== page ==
Giving low-income mothers cash payments for the first year of their baby's life appears to increase the baby's brain activity, according a new study. The activity is associated with developing stronger cognitive skills.
The study analyzes data from the project Baby's First Years, a program that gives unconditional cash payments to low-income mothers in four cities: New York City, New Orleans, Omaha, Nebraska, and Minneapolis-St. Paul, Minnesota. The average annual salary of participants was just more than $20,000 the year before they gave birth and cash gifts were between $20 and $333 per month. All infants were healthy at birth, as well.
The findings of the study aren't surprising, says physician-turned-financial-advisor Carolyn McClanahan, a CFP and the founder of Life Planning Partners in Jacksonville, Florida.
"Our most important brain development occurs in the first few years of life," she says. "A developing brain needs good nutrition and good stimulation. A poor mother is struggling to provide good nutrition and, with the stress of being poor, it is really difficult to also provide the healthy stimulation a baby needs for brain development."
Other universal basic income or guaranteed income programs have focused on aiding new, low-income mothers.
In Jackson, Mississippi, for example, the Magnolia Mother's Trust distributes $1,000 per month for one year to low-income, Black mothers. The first year it assisted 20 mothers, the second it assisted 110, and in 2021 it assisted 100.
The Bridge Project in New York City is offering new mothers cash aid. The program is distributing money in a couple different ways. One group of 100 new moms are receiving either $500 or $1,000 per month for three years. The average annual income of mothers participating in the program is $14,500.
A second group, which is currently being recruited, will consist of 500 moms who will each receive $1,000 monthly for 18 months, then $500 monthly for 18 months.
"There is a lot of literature out there that points to the prenatal period and the first 1,000 days being the crux of development," says Megha Agarwal, executive director of the program.
Video by Stephen Parkhurst
The findings about increased brain activity were released not long after the expansion of the Child Tax Credit expired in December, which was expected to increase childhood poverty from 12% to 17% in January, according to research by the Center on Poverty and Social Policy at Columbia University.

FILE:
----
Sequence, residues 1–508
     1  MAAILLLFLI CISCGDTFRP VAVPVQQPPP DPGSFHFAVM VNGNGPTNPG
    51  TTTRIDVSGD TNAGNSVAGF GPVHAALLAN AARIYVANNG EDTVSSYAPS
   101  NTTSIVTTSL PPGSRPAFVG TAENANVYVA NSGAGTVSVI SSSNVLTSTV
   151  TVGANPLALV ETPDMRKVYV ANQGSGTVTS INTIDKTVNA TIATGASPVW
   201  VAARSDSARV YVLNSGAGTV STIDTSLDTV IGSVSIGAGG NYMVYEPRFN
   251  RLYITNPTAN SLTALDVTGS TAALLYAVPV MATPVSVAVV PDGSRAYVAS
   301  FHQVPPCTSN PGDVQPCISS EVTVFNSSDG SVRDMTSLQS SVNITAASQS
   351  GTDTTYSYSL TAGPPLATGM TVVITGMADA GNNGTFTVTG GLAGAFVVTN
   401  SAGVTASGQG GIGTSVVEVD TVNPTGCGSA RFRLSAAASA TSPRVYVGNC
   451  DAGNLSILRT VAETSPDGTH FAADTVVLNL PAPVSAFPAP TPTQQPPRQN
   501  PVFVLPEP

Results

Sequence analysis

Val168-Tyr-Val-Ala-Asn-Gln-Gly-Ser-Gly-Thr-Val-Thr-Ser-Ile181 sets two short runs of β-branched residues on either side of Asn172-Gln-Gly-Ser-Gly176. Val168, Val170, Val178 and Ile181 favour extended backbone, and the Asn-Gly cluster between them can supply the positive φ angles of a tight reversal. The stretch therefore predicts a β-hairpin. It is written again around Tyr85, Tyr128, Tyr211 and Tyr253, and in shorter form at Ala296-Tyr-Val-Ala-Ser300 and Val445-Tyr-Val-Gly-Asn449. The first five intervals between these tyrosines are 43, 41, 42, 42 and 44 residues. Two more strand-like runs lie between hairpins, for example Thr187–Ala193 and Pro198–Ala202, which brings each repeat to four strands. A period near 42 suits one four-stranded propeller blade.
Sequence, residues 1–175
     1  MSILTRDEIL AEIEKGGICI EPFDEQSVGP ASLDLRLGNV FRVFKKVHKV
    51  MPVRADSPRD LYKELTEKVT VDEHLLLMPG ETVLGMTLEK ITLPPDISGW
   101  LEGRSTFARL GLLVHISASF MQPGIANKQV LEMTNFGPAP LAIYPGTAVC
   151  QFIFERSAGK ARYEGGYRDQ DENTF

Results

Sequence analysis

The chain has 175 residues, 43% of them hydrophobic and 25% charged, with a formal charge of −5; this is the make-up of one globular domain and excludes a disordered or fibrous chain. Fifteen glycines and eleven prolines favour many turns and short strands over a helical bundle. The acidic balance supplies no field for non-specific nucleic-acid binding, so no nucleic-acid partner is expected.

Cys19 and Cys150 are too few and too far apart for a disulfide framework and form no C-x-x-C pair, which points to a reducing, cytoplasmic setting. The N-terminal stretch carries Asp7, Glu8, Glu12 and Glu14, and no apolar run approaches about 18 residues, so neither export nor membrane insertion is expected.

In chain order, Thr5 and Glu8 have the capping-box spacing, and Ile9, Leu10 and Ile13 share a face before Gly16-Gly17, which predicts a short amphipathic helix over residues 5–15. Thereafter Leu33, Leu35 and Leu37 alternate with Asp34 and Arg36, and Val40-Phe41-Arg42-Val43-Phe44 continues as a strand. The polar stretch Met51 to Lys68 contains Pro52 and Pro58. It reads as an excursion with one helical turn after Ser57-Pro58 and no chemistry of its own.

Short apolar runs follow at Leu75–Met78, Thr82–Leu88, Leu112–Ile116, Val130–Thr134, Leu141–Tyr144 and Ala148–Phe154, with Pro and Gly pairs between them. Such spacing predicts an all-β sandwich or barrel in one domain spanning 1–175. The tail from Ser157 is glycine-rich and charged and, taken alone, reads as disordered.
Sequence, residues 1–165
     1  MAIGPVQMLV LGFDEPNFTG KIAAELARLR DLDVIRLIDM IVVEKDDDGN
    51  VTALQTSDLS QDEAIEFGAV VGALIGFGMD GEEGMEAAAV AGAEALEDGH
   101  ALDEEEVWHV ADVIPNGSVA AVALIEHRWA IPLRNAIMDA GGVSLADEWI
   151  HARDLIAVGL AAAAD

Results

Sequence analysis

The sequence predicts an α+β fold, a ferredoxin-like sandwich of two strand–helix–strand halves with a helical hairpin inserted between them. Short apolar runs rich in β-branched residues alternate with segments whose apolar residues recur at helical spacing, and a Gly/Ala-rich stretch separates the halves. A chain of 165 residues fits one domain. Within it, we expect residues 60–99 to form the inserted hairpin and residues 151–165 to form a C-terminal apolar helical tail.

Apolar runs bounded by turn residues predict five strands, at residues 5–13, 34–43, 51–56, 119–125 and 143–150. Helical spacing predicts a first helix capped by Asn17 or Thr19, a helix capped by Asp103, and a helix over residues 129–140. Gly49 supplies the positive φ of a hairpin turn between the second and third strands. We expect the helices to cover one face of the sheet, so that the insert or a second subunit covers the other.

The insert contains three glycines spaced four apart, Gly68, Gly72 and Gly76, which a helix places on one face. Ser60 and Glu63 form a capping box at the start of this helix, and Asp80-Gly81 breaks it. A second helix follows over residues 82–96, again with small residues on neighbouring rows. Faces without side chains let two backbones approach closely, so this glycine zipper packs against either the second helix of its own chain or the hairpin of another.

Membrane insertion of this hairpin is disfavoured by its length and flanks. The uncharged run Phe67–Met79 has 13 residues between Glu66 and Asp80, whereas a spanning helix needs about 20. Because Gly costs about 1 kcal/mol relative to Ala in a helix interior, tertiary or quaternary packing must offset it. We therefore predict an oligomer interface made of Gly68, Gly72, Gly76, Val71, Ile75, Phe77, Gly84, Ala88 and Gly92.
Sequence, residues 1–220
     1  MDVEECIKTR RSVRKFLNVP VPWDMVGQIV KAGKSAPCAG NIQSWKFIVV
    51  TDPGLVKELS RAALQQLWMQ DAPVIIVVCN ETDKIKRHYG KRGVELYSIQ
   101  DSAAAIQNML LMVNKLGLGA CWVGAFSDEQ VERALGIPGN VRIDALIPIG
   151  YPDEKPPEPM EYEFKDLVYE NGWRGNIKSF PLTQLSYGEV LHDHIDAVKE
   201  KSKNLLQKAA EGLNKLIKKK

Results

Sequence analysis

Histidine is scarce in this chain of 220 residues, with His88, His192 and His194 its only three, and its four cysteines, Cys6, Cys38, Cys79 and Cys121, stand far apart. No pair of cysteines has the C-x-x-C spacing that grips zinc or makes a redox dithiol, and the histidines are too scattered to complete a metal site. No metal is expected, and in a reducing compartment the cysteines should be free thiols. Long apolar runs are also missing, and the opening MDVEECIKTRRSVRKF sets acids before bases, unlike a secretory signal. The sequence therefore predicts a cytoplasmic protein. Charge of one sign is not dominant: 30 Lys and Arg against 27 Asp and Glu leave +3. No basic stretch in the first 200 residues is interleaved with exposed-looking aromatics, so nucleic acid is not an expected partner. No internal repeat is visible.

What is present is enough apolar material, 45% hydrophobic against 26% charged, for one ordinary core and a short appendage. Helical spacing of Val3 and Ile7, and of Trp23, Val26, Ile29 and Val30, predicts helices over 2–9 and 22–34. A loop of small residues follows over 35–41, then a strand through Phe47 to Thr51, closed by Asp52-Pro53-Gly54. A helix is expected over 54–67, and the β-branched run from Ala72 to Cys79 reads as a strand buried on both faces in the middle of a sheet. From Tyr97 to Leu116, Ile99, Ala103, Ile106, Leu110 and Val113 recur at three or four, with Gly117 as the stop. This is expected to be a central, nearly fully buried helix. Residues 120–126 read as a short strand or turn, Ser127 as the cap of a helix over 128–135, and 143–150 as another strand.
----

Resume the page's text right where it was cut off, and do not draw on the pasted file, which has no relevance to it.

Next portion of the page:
"I think up to 4 million children across the nation are going to be slipping back into poverty just as a result of halting payments," Agarwal says of the CTC expiring. "We do have the ability alleviate child poverty in this nation, and we are just choosing not to."
Participants in The Bridge Project are using the money given to them on necessary goods, housing, and school, Agarwal says. Many also try to put some funds away for a rainy day.
"Mothers are using it on the necessities like diapers, food, formula, and electricity," she says. "Then you see mothers who are saving it. One mother is putting aside half of the payment every month to afford a better apartment in the future. We have a mother who was able to leave her previous job and go back to nursing school."
Data gathered from other guaranteed income programs show similar findings.
In the Magnolia Mother's Trust, for example, mothers who were able to pay bills without additional support jumped from 37% to 80% and the percentage of mothers who were able to cook homemade meals increased, according to a study by the Economic Security Project analyzing the program's data.
In the Stockton Economic Empowerment Demonstration, which distributed $500 per month to 125 Stockton, California, residents for two years, the typical recipient spent 37% on food and over 22% on "sales and merchandise," which includes purchases at stores like Walmart. None of the money was spent on drugs and alcohol, and less than 1% was spent on recreational activities.
In Germany, the company My Basic Income gave 650 people 1,000 euros per month for a year. Most of the money, according to the company founder, was put into savings or used for education.
Along with increased brain activity in the baby and less financial stress on the mother, psychologically this money puts mothers in a healthier headspace, Agarwal says.
"When you are given a little bit of breathing room, it has mounds of difference in how you can approach your life," she says. "Mothers were living meal-to-meal and not sure if their child would have a meal the next day. Knowing you can provide for yourself and your baby is monumental."
She's hoping the program alters the way some Americans view those who are low-income.
"The way this country treats people who are in poverty is we mistrust them," she says. "We ask them to prove again and again why they are deserving of help. We make them jump through hoops to get help, and when they have a little bit of success, we pull out our support."
Guaranteed, unconditional cash payments show mothers that they are trusted to make smart decisions and gives them the opportunity to reciprocate that trust. A lot of mothers, Agarwal says, thought the program was fake when they first applied. Now they have more confidence in the The Bridge Project and themselves.
"Mothers are trusting of me, trusting the social program, trusting of the social worker," she says. "It goes to show what kind of reaction and impact you can have if you put trust in others."
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